Tuesday, July 12, 2011

Hidemi's Rambling No.340

When getting into a Japanese house, you must take off your shoes. It’s more than a natural rule to Japanese people and if anyone entered with their shoes on, it would mean not only uncleanness but also an insult. When an English tourist once visited my apartment and started to get in without taking off her shoes, my Japanese friends there all at once shouted to warn. While it was just an ‘oops’ thing to her, it was a shockingly offensive gesture to them. Even some restaurants and bars in Japan make customers take off their shoes. For some reason, the area I have just moved in has many places with that rule. I loathe taking off my shoes at a restaurant. When I was a child, half of my house was in Western style, where we came in the hall, walked around the hallway and had meals at the dining room all with our shoes on. Although I was not so much used to eating with my shoes off, now it’s perfectly all right at home because I've developed sort of germ-phobia. But, sharing the floor with other people is a completely different matter. I can’t possibly step on the floor where people touched with their dirty socks or bare feet. Whenever I open the door of a restaurant and see the floor for shoes to be taken off, I leave the place right away and try somewhere else. Consequently, there are too many restaurants in this area that I can’t enter…

Friday, July 8, 2011

Hidemi's Rambling No.339

The area that my new apartment is located in is regarded as a sightseeing spot. I visited one of the tourist attractions nearby. It was a small theme park situated at an altitude of 3,000 feet in the mountains and the aerial rope way transported the visitors. Attractions of the park were a garden with alpine plants, go-carts, miniature golf, petting goats, restaurants and that was pretty much it. It had much less attractions in much smaller space than I had expected. There was intermittent rain during my visit and the low cloud hung over the park. It grew even lower and white cloud slowly covered me. Along with sparse visitors and unfamiliar flowers and trees, I had a weird sensation of being in the hereafter. When I came home, I saw a gigantic, perfect rainbow in an orange twilight sky from the window. Since I moved in here, I’ve encountered strange things that had never happened to me before. Life has been so different from the one I led at my old apartment in the Tokyo area that I can’t think I live in the same world. Perhaps, I might have died from Japan’s earthquake in March and wandered into another world since, like the characters in ‘LOST’. Seeing nature all around me everyday makes me feel that I’m a trivial entity, and that the high mountains, rivers and woods have a will to make unusual things happen…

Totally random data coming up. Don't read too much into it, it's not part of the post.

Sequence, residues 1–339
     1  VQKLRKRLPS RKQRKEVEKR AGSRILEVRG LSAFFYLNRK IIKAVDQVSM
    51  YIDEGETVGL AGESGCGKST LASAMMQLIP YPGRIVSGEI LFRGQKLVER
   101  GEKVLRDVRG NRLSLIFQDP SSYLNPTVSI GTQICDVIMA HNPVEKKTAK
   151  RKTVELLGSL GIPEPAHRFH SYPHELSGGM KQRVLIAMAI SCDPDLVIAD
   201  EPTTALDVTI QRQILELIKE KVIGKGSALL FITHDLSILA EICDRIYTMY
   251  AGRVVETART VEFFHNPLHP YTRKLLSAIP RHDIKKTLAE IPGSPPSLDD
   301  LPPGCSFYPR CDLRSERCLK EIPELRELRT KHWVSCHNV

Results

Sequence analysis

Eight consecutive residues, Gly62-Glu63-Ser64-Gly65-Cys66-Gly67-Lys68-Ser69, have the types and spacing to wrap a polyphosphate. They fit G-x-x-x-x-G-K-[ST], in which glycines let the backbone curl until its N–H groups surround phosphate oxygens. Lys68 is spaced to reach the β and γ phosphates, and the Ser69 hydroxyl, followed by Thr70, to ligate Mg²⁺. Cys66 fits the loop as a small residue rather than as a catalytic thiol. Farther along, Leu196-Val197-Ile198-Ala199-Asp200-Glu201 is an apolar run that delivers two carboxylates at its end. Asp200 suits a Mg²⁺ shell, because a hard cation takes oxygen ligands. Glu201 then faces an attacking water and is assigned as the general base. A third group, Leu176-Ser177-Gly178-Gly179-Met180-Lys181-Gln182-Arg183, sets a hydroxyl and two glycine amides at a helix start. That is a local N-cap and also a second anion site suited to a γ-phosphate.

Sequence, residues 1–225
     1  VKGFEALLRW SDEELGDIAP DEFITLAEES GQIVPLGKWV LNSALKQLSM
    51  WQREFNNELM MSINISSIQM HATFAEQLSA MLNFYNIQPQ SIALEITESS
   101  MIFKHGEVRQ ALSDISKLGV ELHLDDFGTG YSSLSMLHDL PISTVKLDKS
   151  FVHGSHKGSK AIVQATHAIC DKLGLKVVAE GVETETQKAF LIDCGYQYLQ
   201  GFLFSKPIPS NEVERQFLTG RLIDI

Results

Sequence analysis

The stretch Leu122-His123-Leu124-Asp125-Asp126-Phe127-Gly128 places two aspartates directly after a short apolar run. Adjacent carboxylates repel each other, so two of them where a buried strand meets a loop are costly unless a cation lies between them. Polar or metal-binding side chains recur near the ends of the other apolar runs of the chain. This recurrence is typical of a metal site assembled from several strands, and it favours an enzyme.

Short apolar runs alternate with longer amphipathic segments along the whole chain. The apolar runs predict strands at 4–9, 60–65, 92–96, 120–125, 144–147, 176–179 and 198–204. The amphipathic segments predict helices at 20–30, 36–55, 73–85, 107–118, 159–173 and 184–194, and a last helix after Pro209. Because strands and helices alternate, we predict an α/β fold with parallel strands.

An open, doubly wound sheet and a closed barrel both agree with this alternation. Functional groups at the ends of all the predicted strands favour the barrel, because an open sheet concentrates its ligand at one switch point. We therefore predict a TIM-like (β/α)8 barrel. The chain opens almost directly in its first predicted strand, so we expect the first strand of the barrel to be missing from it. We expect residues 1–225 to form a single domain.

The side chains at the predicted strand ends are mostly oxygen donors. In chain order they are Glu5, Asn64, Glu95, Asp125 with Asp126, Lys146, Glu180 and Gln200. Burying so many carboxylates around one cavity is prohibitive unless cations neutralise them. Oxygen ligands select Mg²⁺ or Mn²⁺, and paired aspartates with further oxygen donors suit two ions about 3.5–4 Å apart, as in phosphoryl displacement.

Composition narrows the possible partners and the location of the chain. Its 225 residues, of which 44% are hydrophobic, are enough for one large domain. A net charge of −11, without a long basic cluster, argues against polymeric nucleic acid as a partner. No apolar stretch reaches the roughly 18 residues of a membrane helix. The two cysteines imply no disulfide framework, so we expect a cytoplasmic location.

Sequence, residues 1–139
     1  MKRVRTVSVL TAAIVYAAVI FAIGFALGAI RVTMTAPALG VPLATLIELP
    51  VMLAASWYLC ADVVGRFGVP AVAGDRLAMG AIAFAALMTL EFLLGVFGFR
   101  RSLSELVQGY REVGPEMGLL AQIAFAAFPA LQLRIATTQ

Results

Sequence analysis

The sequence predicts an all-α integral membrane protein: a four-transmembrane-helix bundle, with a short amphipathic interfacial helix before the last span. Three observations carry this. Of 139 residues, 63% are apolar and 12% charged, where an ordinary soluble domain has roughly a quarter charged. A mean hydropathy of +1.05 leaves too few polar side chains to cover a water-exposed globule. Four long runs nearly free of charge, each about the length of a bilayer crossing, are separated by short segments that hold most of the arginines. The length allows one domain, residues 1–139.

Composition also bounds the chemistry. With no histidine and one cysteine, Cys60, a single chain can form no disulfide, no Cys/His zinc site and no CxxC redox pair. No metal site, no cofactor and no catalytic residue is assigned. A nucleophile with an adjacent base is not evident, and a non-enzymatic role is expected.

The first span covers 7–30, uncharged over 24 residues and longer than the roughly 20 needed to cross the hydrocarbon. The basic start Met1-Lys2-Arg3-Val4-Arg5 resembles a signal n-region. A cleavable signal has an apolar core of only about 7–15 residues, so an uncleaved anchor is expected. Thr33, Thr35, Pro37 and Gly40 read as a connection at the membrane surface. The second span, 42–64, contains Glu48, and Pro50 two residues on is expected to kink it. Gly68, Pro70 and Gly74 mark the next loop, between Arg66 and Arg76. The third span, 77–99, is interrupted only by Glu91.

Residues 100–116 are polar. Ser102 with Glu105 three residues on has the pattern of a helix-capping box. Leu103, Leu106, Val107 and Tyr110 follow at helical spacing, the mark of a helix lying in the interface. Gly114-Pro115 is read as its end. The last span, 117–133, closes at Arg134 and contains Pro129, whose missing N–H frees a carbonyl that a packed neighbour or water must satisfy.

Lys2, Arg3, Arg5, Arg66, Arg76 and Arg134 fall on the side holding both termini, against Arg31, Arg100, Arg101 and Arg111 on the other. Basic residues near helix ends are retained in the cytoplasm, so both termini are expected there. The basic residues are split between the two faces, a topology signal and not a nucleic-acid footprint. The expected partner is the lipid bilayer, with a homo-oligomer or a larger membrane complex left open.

Tuesday, July 5, 2011

Hidemi's Rambling No.338

I’m an avid shopper at Costco, but since I moved in my new place, it has become too far to visit readily. The other day, I was astonished to find that a tiny local general store on the forlorn street near my apartment carried some Costco’s merchandise. Indirect stores for the Costco’s merchandise usually add big profit margins to it, so that it costs less to shop at Costco directly even with the membership fee and the transportation expenses to get there. But this local shop’s margins are trifling so much so that the prices are almost the same as at Costco. Although the shop has only few selected goods, among them are what I regularly buy, such as salsa, tortilla chips and mixed nuts. It’s a totally unexpected reunion with Costco for me. The shop hands out a stamp card for the customers and gives them stamps according to the sum of purchase. The accumulated stamps are exchanged for freebies. I’ve gotten a small bag of Lay’s, cookies, and a jar of salsa for free so far. With the scant profit margin and the generous freebies, I can’t possibly believe that this shop is profitable. It’s a wonder the owner manages the business, as I seldom see other customers and there is too little merchandise in the shop. Is he working as charity for me by going to Costco, paying the membership fee, getting exactly what I need, and selling without profit? It’s a magical shop rather than my favorite shop. I have a strange rule that my favorite place is almost certainly to be out of business. Does it work this time too, and will the shop inevitably close down soon…?

Friday, July 1, 2011

Hidemi's Rambling No.337

I don’t have an air conditioner in my new apartment. Looking at other rooms of the building from the outside, I see quite a few rooms without an air conditioner. Does that mean I can make do without it for the whole summer, I wonder? Surely a cool breeze often comes in from the window as the mountains and the woods surround the building. But it’s getting hotter day by day and I’ve wavered between whether I should get an air conditioner or not. When I lived in my old apartment near Tokyo, the air conditioner was already constantly on at this time of year. I would have died from a heat attack if the room hadn’t been air-conditioned in high summer there. An air conditioner has been a must-have item for me, but then again the temperature here is generally lower than the one in the Tokyo area. While air conditioning in my old place didn’t cost me a penny since the room originally equipped with it and the rent included the electricity bill, I need to buy it and pay for the bill here. This building is air-conditioned in the hall and the lobby and there’s a draft when I leave the door slightly open with the bolt on. Because I’m cheap, I’m still seeking the way to use the draft instead of installing an air conditioner…